I already mentioned the Head Nano Ti as a good beginner racket and it meets the string criteria I’m laying out here, but just to throw out another option, I’ll mention the Head Graphene 360 Speed 135
There are two ways to look at generating power with a squash racket. If you’re more of a beginner or intermediate player, you want to get a racket with a larger string bed and a fan stringing pattern. The strings on that kind of racket are just going to produce a little more ‘pop’ on your shots.
- Advertised weight (unstrung): 135 grams
- Head size: 500 cm sq
- String pattern: 12×17
- Measured weight (all-in): 156.5 grams
- Measured balance: 35 cm
The 360 Speed 135 has the teardrop frame shape and fan stringing pattern. It is essentially a more recent version of the Head Nano Ti, and with even nicer cosmetics too.
The other way to generate power with your squash racket is by developing a faster swing speed. That’s going to be for the more advanced player, because you need to have your swing timing down in a really controlled manner.
For the advanced player I’m going to recommend the Black Knight Hex Blaze LT:
- Advertised weight (unstrung): 130 grams
In my testing the Hex Blaze LT felt very light in the hand, with a slightly head heavy balance. This allowed me to get a lot of power behind the shots because you can swing through the ball quickly, but without losing control of the racket.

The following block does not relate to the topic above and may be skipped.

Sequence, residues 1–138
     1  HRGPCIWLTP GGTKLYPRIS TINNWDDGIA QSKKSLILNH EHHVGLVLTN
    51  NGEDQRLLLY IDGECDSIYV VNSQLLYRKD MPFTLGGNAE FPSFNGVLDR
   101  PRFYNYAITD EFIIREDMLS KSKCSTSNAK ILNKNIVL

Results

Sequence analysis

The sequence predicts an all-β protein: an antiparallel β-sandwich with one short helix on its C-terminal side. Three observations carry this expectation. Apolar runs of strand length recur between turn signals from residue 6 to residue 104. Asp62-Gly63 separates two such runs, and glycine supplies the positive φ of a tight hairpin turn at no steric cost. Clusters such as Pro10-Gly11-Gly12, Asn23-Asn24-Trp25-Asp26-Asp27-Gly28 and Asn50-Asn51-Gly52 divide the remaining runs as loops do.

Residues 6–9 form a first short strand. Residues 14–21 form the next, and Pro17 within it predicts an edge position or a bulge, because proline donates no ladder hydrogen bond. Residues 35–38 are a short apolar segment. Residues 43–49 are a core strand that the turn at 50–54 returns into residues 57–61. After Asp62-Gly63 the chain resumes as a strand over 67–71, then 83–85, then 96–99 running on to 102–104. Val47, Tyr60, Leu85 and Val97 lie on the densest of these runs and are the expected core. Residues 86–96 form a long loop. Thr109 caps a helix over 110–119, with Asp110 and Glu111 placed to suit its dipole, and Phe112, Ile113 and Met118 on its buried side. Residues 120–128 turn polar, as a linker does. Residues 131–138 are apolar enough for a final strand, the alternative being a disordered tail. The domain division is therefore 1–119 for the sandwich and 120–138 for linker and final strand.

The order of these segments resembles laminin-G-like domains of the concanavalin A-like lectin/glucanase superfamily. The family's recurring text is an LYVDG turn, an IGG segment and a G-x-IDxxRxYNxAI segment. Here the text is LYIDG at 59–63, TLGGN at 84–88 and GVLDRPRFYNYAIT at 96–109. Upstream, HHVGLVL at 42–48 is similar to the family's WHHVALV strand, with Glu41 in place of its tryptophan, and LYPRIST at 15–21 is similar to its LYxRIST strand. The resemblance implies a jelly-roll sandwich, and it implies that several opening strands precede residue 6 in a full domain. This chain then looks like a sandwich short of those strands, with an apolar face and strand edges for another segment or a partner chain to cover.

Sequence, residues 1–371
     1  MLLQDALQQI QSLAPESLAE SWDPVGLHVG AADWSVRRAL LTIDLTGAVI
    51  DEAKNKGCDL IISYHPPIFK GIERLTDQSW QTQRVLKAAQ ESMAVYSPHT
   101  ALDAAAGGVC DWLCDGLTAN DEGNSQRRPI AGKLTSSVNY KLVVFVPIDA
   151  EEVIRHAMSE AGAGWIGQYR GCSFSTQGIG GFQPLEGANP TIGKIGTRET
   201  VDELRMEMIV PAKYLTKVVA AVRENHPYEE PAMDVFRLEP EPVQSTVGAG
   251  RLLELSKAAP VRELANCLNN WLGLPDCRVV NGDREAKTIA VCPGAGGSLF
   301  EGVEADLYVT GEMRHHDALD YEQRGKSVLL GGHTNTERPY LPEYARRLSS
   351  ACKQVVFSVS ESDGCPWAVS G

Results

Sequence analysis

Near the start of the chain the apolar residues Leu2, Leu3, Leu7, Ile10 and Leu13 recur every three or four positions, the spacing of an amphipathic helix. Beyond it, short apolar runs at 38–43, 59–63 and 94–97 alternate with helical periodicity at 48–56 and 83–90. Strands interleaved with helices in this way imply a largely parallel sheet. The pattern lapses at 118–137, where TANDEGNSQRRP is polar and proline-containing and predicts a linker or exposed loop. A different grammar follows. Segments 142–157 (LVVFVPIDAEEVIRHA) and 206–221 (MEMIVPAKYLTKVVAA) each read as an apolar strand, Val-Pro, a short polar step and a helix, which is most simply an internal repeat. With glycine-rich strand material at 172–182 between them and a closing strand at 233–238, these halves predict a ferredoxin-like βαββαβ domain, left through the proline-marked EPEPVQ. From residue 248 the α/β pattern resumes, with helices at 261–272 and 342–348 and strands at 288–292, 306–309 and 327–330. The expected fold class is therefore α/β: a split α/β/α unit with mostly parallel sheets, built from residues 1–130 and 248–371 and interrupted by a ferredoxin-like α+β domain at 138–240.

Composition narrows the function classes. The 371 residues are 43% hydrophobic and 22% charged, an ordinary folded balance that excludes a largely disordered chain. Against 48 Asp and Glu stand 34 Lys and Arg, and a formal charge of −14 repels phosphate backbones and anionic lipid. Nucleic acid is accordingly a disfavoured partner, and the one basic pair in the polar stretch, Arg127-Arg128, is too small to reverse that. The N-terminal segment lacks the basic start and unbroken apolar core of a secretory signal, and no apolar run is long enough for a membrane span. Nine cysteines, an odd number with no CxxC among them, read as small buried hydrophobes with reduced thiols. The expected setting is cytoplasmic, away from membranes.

This racket also comes pre-strung with a premium string, the Supernick ZX Micro, which adds to the power of the frame.
8. Harrow Vapor
Best Squash Racket for Control
For the most control, I’m going to recommend a traditional head shape racket, the Harrow Vapor.
I generally recommend a traditional head shape for control because the bridged throat makes the racket more stable through the shot. In other words the racket is less likely to wobble as you make contact with the ball.
While a teardrop racket is nice for additional power, that comes with a little more unpredictability on the shot. For greater precision I like the bridged throat of a traditional head shape.
There are two more qualities of the Harrow Vapor that I feel offer additional control.
First, it has a slightly smaller string bed than some of the other traditional-head-shape rackets out there.
Second, the Vapor has a slightly stiffer frame than many other rackets with traditional head shapes.
Both of these features give the racket more predictability in terms of your shotmaking, thus additional control.
9. Tecnifibre Carboflex Airshaft 125 NS
Best Squash Racket for Women
- Advertised weight (unstrung): 125 grams
- String pattern: 14 x 18
- Measured weight (all-in): 156.2 grams
- Measured balance: 36.25 cm (53% in the head)
- Factory strings: Tecnifibre DYNAMIX V.P. 1.25